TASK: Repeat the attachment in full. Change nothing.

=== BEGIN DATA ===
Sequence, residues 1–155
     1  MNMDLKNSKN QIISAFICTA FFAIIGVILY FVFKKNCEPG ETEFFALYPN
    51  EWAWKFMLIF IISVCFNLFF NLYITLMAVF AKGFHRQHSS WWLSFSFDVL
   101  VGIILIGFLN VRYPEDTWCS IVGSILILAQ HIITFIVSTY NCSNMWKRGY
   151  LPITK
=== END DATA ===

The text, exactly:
Sequence, residues 1–155
     1  MNMDLKNSKN QIISAFICTA FFAIIGVILY FVFKKNCEPG ETEFFALYPN
    51  EWAWKFMLIF IISVCFNLFF NLYITLMAVF AKGFHRQHSS WWLSFSFDVL
   101  VGIILIGFLN VRYPEDTWCS IVGSILILAQ HIITFIVSTY NCSNMWKRGY
   151  LPITK